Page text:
• Geology denied clear evidence of continental drift for decades. Geology can’t predict earthquakes. Geologists come up with extremely hand-wavy explanations for banding. Geologists, repeating their mistake with Wegener, try to explain everything in terms of temperature and pressure but in another hundred years they will have to acknowledge there are more powerful forces at work …
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      Geology, like bridge-building, is only “successful” because they include safety factors that double their failure predictions. “My prediction might be 100% wrong, so build for that.”

      • Wegener recognized a pattern, but it took a long time to accumulate evidence that confirmed that pattern corresponded to a model with the power to extend an interpretation to encompass and organize a great deal of data. Wegener did a good job with what he had, but what he had was thin and he was naive about a lot. His guesstimate for the speed of tectonic movement was two orders of magnitude off — that kind of thing left a lot of room for critics to scorn.
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        Pattern recognition and sudden leaps of insight are inherent parts of knowledge-building as are critical doubt and skepticism. Both are likely to be wrong most of the time about what they do not know they do not know.

        • Any kid can look at a globe and tell Africa and South America fit together. Geologists predicted peak oil; that was a lie. On reddit’s geology forum I delight in flummoxing the geologists by using the same nit-picky criticism techniques they used against Wegener, against their own hand-wavy fantastical explanations. Temperature and pressure are not able to describe banding (or they could recreate it in a lab). Geology is Cargo Cult Science …

    • The development of the science of geology is an apt way to study the development of science. It begins with observation and measurement and then hypothesis formation and testing. And as observation and measurement instrumentation has become more sophisticated so has hypothesis formation.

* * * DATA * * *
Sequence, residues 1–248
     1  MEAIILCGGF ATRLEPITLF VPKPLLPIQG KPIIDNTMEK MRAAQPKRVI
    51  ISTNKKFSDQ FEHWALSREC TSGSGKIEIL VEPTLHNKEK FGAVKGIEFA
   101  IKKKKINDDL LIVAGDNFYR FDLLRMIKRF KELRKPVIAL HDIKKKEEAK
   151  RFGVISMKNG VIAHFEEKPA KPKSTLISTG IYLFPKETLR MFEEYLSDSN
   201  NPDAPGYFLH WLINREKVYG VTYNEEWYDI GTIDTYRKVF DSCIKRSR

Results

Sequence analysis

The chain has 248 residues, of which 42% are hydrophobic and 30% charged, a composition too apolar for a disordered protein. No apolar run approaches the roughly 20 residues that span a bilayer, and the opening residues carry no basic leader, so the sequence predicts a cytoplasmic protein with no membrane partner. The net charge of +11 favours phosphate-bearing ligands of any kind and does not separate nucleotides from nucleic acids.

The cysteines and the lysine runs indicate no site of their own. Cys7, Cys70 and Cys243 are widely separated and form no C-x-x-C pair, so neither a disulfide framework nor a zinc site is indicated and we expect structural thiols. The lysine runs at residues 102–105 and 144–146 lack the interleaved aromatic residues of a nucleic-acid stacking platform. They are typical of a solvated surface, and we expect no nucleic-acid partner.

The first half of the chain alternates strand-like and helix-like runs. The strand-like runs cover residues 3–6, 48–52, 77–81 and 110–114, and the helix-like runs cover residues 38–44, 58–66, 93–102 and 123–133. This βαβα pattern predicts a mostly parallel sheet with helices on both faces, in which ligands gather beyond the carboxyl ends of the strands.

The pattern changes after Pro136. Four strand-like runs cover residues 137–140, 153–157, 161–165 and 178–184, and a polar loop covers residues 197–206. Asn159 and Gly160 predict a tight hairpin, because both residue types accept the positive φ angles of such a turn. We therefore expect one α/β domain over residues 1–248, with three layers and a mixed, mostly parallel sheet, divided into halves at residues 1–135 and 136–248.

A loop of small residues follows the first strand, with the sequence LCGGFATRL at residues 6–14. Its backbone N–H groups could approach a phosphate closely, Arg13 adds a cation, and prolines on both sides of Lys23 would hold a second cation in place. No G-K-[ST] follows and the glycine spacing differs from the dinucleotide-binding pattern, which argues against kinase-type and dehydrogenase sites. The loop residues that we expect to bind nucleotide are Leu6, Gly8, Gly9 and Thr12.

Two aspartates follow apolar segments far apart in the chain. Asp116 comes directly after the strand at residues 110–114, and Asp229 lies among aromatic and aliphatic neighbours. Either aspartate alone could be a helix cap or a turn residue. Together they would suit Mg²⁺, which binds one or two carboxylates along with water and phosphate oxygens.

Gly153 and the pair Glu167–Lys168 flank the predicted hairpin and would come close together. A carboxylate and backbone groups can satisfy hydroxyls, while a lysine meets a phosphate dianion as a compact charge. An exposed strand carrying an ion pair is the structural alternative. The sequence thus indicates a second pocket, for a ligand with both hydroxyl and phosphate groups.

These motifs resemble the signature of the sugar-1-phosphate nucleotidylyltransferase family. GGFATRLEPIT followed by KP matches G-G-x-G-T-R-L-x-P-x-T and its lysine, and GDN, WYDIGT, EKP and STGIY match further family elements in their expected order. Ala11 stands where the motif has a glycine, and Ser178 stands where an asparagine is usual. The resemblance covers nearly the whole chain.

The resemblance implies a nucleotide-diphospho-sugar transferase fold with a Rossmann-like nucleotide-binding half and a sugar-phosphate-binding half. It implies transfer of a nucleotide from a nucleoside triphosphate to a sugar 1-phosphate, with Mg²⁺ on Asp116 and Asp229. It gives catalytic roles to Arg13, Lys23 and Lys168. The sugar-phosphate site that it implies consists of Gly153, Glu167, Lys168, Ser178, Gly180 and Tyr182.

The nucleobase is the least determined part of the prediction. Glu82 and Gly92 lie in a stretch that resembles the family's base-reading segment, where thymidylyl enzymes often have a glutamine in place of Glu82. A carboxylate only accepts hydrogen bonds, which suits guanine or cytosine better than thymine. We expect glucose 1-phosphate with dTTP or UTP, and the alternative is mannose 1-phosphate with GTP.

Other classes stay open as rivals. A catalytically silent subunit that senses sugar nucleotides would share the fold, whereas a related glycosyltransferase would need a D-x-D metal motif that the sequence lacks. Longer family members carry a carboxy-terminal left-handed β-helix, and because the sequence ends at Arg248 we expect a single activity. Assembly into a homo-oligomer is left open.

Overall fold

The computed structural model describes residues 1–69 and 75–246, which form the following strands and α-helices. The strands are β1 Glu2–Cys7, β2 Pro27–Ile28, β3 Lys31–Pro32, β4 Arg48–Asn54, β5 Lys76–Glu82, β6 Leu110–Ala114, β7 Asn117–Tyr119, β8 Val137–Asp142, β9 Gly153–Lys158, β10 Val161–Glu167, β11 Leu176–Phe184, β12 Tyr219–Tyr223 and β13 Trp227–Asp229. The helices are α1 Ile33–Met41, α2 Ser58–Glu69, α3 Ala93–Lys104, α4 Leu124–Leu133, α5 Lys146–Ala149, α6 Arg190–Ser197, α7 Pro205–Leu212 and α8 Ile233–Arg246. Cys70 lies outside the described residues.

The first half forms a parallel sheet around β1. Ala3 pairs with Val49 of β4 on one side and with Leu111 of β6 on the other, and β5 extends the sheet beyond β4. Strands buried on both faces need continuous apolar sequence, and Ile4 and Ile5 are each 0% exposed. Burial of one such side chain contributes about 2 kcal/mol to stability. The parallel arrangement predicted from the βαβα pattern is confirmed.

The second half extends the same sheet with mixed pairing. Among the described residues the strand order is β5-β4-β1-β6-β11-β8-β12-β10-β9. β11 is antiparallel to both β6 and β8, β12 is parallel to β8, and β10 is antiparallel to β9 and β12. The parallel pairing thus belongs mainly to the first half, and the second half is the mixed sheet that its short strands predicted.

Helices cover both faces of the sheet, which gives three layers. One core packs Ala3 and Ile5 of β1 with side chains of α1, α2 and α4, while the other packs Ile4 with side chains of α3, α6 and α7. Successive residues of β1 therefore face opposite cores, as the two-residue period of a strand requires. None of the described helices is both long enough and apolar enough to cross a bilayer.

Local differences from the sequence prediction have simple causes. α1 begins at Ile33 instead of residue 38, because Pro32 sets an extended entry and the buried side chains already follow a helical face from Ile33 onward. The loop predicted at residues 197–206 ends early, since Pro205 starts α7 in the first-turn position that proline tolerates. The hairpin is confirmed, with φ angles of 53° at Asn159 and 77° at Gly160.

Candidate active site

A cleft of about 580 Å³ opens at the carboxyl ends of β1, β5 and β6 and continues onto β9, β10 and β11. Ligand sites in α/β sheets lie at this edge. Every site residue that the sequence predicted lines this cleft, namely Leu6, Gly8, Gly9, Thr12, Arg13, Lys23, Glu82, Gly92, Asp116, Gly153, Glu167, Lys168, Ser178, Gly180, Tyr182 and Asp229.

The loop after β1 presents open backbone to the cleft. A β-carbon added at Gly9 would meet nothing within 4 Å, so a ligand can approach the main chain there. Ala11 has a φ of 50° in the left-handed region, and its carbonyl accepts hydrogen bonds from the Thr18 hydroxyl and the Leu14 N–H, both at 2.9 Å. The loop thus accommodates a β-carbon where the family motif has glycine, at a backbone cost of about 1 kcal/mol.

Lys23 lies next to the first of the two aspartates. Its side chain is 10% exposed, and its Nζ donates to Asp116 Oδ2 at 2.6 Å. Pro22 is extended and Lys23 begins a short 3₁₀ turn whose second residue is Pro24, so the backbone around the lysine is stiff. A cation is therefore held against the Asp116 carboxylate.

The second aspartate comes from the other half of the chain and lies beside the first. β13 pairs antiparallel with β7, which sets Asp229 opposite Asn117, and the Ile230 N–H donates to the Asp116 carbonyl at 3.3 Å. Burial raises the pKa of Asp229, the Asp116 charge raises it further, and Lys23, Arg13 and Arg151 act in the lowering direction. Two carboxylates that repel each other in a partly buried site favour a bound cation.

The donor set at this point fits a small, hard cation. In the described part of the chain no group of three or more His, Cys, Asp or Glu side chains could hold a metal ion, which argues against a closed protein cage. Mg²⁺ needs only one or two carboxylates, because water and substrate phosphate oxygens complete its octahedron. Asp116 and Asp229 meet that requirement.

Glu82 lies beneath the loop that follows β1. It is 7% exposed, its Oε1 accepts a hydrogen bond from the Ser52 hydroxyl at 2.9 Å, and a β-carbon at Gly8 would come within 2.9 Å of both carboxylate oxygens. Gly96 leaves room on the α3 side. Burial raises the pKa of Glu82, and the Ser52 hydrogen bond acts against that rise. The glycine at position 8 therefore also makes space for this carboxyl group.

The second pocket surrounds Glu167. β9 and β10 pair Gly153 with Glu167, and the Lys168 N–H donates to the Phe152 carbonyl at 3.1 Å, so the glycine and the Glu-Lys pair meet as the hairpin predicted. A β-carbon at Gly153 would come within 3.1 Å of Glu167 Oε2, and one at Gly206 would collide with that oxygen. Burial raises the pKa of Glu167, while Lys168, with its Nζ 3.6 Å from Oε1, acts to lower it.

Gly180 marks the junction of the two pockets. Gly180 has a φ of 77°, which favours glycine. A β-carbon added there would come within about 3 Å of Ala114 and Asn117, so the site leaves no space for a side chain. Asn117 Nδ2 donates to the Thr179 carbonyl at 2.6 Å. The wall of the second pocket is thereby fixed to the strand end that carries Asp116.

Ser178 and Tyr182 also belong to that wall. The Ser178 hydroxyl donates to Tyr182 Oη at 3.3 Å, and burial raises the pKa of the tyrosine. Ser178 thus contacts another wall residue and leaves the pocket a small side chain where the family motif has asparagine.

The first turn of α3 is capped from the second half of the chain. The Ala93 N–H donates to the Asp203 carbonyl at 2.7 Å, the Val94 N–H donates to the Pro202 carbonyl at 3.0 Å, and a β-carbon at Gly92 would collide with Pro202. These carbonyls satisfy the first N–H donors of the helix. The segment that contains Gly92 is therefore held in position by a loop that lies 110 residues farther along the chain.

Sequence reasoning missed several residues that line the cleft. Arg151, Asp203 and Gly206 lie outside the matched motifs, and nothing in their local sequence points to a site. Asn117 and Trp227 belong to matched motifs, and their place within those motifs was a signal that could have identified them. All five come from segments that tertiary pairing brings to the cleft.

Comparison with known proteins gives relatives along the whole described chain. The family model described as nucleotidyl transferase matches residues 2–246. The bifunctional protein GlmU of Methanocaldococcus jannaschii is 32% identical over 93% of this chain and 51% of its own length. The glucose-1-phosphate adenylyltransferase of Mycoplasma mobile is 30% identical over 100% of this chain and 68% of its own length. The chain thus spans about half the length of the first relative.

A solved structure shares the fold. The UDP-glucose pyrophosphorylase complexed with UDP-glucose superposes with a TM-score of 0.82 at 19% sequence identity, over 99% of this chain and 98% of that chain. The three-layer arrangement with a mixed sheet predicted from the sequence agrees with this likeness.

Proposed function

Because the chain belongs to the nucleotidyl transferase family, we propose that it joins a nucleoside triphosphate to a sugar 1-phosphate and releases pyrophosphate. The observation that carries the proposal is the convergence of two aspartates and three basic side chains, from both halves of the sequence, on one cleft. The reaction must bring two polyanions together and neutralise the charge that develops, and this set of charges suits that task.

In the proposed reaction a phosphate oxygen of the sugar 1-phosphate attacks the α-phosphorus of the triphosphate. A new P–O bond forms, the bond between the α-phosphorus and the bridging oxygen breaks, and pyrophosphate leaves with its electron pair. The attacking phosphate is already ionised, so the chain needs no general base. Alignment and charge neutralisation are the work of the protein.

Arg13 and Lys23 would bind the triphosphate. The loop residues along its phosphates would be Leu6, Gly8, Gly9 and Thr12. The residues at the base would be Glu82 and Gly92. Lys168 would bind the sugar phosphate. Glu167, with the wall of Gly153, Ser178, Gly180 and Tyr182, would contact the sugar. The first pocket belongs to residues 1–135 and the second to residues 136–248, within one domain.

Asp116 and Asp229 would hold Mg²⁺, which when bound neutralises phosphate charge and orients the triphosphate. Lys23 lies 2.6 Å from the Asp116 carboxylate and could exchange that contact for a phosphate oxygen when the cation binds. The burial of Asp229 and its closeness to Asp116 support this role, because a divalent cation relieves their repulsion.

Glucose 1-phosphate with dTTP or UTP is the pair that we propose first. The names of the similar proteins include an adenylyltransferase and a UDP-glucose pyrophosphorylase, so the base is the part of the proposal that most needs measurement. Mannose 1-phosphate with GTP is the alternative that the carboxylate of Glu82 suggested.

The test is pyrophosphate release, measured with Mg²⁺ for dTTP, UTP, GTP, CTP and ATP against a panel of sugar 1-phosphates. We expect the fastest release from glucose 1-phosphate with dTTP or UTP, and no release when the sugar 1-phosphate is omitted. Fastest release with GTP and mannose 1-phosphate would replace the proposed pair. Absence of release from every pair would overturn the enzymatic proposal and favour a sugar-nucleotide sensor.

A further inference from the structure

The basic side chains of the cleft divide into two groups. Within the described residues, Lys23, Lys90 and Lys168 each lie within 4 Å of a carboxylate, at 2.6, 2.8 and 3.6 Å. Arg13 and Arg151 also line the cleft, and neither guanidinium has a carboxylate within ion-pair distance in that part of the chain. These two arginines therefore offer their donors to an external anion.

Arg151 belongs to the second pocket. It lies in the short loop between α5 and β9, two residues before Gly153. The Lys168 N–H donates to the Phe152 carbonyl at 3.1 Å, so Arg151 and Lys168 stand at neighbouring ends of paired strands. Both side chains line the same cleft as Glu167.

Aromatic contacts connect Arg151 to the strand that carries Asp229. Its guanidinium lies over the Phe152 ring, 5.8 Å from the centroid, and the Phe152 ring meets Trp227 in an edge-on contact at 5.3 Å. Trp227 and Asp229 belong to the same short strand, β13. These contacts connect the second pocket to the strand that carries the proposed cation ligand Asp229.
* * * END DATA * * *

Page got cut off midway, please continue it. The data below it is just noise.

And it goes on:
.
      Geology had in the first instance to overcome the notions of native creationism and religious belief – vestiges of these still prevail in some quarters. Economics has had similarly to overcome ideology and its influence on theorization. Ideology still plays a significant role in progress of economic theory.
      .
      The science of geology developed through the stages of Neptunism, Plutonism and Uniformitarianism. The model of the geosyncline (development of the Earth’s crust vertically) came to explain basin development, orogeny and volcanism. With accumulating observational data this theory was supplanted by plate tectonics (development of the Earth’s crust horizontally). Plate tectonic processes are now recognized as far back as the Archean.
      .
      Fortunately for geology, the understanding of geologic processes are founded in the sciences of physics, chemistry and botany. These provide a firm foundation for theoretical development. Unfortunately for economics such a firm foundation is not available.
      .
      The science of geology has essentially developed in a linear fashion, whereas the development of economics has sputtered and spurted in all kinds of directions, with enduring parallel development of alternate theories. It is difficult to see the situation changing.

      • Geology today ignores electricity. There is an arbitrary social consensus that only temperature and pressure are operating. They can’t explain the emergence of ordered banding from homogenous rock, because they are slaves to obsolete Thermodynamics …